Last Friday, Greta Thunberg kicked off a weekend of youth in action, leading an estimated 500,000-strong climate change march in Montreal. The Swedish environmental activist has been a force of inspiration for young people around the world, and derided as a teen nuisance by the crusty hegemonic class—and that’s at least one thing she has in common with the masses of skateboarders who also took to the streets of Montreal the same weekend for Dime’s Live at Olympic Stadium event.
Skateboarders can be hostile towards competition. The larger the scale, the more vehement the opposition. So when you put the words “skateboarding” and “Olympics” together in a sentence, you aren’t going to excite many actual skaters—just ask a skater how excited he or she is about Tokyo 2020, when the sport will make its Olympic debut. But this was something different.
Dime is a skate brand that doesn’t make skateboards—a unique position that allows for affiliation with a wider swath of skaters from around the world than would otherwise be possible. It started around 2005 as a loose crew of Montreal skaters releasing short video clips documenting the local scene, which turned out to be unusually strong.
Tristan Funkhouser crashes through a foam cutout.Tristan Funkhouser
In a city of myriad public parks and lenient open-container laws, skateboarding thrives, despite—or maybe because—there being only 5 or 6 months of the year when the ice thaws and skateboarding outside is tolerable. When warm, sunny days are that precious, you make the most of them. And so Montreal’s skaters developed a reputation for high-level skating and intensely positive vibes. Over the past few years Dime’s videos have gained traction in the skate world, and Montreal has earned a gold star on the map of the world’s top skate cities along with better-established places like Barcelona, Copenhagen, and Philadelphia.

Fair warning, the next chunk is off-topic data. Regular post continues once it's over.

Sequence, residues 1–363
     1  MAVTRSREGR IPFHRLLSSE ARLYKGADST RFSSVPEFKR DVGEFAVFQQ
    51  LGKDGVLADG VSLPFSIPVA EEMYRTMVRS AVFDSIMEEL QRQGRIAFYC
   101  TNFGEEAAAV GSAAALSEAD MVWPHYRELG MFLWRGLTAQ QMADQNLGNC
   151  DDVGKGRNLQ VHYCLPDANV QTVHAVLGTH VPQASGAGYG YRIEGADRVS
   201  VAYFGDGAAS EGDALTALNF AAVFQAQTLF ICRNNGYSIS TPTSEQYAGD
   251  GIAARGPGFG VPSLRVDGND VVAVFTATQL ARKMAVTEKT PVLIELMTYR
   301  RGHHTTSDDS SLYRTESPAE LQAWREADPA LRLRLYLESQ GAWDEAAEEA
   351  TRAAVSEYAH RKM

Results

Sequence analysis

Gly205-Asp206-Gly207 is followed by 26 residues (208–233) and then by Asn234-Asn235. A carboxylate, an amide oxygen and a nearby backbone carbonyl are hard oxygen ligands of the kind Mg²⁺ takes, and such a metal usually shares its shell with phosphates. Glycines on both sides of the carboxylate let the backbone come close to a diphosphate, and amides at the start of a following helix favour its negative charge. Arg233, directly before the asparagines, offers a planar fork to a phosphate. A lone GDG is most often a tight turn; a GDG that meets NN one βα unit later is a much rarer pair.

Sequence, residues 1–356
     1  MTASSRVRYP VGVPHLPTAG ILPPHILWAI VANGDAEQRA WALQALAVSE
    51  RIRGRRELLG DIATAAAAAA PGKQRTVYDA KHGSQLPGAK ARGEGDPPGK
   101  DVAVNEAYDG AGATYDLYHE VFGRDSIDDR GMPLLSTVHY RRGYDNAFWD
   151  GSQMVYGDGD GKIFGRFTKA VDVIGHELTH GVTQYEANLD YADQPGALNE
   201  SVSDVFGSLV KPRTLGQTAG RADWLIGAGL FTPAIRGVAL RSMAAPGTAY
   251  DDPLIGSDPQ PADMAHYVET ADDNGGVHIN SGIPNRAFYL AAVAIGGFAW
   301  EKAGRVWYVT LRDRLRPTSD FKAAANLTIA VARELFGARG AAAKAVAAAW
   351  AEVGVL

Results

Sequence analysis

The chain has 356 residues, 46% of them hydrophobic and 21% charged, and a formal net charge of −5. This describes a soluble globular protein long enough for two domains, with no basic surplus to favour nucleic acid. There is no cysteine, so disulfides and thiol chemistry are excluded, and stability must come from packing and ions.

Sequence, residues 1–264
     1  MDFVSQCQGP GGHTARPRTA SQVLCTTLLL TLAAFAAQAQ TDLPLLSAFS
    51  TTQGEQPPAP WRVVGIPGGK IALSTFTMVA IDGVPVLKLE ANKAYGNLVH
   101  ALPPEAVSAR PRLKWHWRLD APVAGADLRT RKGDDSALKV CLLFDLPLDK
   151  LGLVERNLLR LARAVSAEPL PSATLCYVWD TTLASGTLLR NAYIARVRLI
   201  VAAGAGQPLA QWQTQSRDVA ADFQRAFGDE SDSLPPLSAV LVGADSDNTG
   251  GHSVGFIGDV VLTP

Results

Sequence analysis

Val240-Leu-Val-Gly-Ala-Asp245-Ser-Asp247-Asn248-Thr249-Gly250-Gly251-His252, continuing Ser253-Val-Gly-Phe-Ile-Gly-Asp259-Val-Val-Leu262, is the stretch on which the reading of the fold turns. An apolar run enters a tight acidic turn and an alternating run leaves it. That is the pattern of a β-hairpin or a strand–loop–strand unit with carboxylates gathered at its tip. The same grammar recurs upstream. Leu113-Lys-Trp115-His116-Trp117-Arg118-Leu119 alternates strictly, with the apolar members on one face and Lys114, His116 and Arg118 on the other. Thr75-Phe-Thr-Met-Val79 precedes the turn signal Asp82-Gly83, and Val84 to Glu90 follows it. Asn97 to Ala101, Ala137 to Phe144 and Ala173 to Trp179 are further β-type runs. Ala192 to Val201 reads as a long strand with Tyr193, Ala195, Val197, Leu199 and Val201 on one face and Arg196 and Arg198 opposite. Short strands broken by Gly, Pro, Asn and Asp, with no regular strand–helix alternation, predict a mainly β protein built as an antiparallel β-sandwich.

Andrew Reynolds, Brad Cromer, Taylor Kirby, and Tiago Lemos
“We never planned for Dime to become a real brand,” Antoine Asselin, one of the founders, told me on the day of the event. “Eventually we made some t-shirts and it grew from there.” With the help of creative director Vincent Tsang, a clever obfuscation of the line between irony and earnestness, and a willingness to look at 90s skateboarding, sportswear, and luxury fashion through the same twisted kaleidoscope, Dime gear gained traction, too. Now you can find it on the shelves of globally renowned, nose-up fashion shops like Dover Street Market and Trés Bien, as well as at the Dime boutique on St. Laurent Boulevard in Montreal.
But the Dime ethos doesn’t fully make sense until you put it into the context of a live event. Before Live at the Olympic Stadium, there was the Glory Challenge, a competition that was as absurd—and fun—as the title suggests. Dime invited skateboarders from around the world to participate in a skate contest with foam pit battles and blazing rockets of fire, and they came. The Glory Challenge became a premier event not just for large-scale, outlandish hijinx, but for the best skaters in the world to prove they could hang with the fun-loving French Canadians. But the crowds grew bigger and rowdier than expected; the towers of flame hotter, taller. “Glory Challenge is like the WWE,” Asselin says.